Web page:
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El Niño Rains Fail to Replenish Lakes in Colorado River Basin

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White rings along the shore of Lake Mead show how much water levels have dropped during the 15 years of drought in the Colorado River Basin. (Wikimedia Commons)
White rings along the shore of Lake Mead show how much water levels have dropped during the 15 years of drought in the Colorado River Basin. (Wikimedia Commons)
February 17, 2016

PHOENIX - So far this winter, El Niño has not delivered the predicted rains needed to replenish the parched Colorado River Basin, conservationists say.

A 15-year drought in the region - which includes Arizona, California, Colorado and other western states - has left storage reservoirs Lake Mead and Lake Powell at historic low levels. Gary Wockner, executive director of the environmental advocacy group Save the Colorado, said the river needs more than a single year of good rain to replenish the lakes.

"You need a good season to just stabilize the system," he said. "You would need several high-precipitation years in a row to actually start refilling the reservoirs to any consequential level."

Wockner said the U.S. Bureau of Reclamation, which manages the lakes, is projecting below-average rainfall in the lower basin through June. He said there was a lot of speculation in 2015 about how much precipitation El Niño might bring, but added that those rains just haven't materialized. El Niño is an intermittent warm current in the south Pacific Ocean that can bring a wetter-then-normal winter.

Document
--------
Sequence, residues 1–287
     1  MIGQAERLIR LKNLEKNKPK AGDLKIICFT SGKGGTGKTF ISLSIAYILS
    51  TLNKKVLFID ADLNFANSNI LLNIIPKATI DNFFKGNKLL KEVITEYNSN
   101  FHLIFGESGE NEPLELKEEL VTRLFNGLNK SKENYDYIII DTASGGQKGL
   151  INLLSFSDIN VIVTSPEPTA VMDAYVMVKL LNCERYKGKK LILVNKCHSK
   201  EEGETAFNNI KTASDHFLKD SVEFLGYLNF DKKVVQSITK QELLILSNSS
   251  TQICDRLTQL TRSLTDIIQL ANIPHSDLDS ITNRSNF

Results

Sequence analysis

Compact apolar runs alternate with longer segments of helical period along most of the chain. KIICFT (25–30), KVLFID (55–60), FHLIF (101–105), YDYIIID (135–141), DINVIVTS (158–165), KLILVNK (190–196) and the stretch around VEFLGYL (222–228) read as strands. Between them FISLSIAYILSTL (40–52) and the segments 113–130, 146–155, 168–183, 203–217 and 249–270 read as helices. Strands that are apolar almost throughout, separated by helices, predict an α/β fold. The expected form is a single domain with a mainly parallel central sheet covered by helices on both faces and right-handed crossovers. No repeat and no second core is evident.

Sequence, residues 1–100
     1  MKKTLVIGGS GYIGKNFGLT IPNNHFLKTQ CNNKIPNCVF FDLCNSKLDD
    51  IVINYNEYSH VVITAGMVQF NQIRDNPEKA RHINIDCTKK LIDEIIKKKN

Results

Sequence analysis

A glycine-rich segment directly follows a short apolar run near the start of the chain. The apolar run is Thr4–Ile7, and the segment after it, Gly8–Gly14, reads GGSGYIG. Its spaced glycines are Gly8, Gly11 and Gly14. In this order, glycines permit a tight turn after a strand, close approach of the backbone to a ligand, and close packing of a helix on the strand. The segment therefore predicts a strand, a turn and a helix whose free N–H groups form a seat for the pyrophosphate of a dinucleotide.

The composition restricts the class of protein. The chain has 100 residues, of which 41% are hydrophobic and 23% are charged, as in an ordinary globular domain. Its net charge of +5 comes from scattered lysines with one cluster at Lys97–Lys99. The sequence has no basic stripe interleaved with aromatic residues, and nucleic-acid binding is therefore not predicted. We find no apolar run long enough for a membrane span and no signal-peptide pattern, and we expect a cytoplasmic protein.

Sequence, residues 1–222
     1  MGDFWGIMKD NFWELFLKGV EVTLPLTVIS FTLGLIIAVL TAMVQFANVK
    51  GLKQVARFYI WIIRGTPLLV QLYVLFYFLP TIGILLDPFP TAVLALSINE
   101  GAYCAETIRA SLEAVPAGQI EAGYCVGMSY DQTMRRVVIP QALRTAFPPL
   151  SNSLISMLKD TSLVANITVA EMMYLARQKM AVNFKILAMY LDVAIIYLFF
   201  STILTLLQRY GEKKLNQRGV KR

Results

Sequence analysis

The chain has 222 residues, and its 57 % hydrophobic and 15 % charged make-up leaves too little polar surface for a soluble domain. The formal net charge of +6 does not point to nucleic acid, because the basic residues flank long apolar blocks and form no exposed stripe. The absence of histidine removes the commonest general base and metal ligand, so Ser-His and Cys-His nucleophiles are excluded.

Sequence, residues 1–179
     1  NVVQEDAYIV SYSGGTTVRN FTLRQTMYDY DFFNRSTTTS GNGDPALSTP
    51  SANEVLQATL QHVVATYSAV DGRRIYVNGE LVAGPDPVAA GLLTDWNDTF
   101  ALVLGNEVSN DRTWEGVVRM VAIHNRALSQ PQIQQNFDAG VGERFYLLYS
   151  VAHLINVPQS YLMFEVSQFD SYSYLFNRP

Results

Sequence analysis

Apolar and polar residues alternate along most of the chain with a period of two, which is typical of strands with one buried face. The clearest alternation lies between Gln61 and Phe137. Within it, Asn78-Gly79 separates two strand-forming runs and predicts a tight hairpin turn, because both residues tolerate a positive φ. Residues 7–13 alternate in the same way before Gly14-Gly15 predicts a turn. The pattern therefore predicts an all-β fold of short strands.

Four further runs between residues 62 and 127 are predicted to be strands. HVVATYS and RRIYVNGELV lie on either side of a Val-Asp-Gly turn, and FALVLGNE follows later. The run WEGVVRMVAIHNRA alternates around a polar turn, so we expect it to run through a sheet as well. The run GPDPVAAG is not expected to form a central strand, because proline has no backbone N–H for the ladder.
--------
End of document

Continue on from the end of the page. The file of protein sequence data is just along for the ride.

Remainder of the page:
A positive benefit of the drought, Wockner said, has been a move by the river's major water customers in California, Arizona and Nevada toward conservation.

"Lake Mead continues to be a critical problem," he said. "And those three entities, CAP in Arizona, Metropolitan in California and the City of Las Vegas, have been working together to stop taking so much water out of Lake Mead."

Wockner said the snowpack in the upper basin of the river in Colorado and Utah also is below average. However, he said, March and April are the snowiest months in those areas, so there still is a chance of significant precipitation this season.

River basin data is online at cbrfc.noaa.gov.

Mark Richardson, Public News Service - AZ